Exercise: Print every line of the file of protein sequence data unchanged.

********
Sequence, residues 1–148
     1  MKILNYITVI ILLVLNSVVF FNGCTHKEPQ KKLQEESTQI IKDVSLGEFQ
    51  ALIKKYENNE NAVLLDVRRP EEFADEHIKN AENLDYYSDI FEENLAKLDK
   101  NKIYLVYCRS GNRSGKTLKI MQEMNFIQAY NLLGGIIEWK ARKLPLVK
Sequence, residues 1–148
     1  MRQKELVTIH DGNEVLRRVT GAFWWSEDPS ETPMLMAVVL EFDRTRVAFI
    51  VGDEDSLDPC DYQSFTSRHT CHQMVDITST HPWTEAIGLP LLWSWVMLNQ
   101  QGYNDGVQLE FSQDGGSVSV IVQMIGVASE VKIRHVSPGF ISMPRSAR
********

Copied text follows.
Sequence, residues 1–148
     1  MKILNYITVI ILLVLNSVVF FNGCTHKEPQ KKLQEESTQI IKDVSLGEFQ
    51  ALIKKYENNE NAVLLDVRRP EEFADEHIKN AENLDYYSDI FEENLAKLDK
   101  NKIYLVYCRS GNRSGKTLKI MQEMNFIQAY NLLGGIIEWK ARKLPLVK
Sequence, residues 1–148
     1  MRQKELVTIH DGNEVLRRVT GAFWWSEDPS ETPMLMAVVL EFDRTRVAFI
    51  VGDEDSLDPC DYQSFTSRHT CHQMVDITST HPWTEAIGLP LLWSWVMLNQ
   101  QGYNDGVQLE FSQDGGSVSV IVQMIGVASE VKIRHVSPGF ISMPRSAR